Together, with the support of our readers, we are ready, as our first editor put it, for “a square knockdown of wrong” each week. But more: We are able to keep at bay the so-called news deserts that are occurring all-too-frequently in places across the country. We are informing local citizens in ways that keep democracy alive. The pages of letters we run each week, particularly at election time, are a testament to a well-informed community, passionate about electing its leaders.

Those same opinion pages are enriched by the work of our columnists, both humorous — John R. Williams and Frank Palmeri — and serious — Dennis Sullivan, Mike Nardacci, Mary Ellen Johnson, and Jesse Sommer.

So, as we report here on work that was recognized this weekend by the New York Press Association — in a contest with 2,743 entries judged by journalists in Wisconsin — we do it with gratitude for our community’s support.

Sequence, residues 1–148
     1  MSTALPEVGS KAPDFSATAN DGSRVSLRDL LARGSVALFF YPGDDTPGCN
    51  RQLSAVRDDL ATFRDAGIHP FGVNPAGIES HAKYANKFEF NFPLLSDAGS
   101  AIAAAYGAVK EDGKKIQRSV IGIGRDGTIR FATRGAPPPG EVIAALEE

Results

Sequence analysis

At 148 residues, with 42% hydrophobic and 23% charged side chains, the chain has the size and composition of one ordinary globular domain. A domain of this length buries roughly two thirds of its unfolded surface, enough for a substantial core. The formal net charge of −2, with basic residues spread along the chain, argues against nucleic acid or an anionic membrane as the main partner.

Editorial Cartoons

Carol Coogan, who produces original artwork every week to illustrate our editorials, continues her winning ways with both an honorable mention and a third-place award.

“I have a sketchbook with me at all times,” said Coogan. “I play in it. It’s my most important tool. That’s where my ideas come from.” This practice started when she was just a girl and she created little books.

“To support yourself as an artist, you need to be versatile and you need some chutzpah,” says Coogan.

Her drawing that received an honorable mention this year depicted a journalist as a knight — with truth for a sword, an American flag as a cape, and the First Amendment as a shield.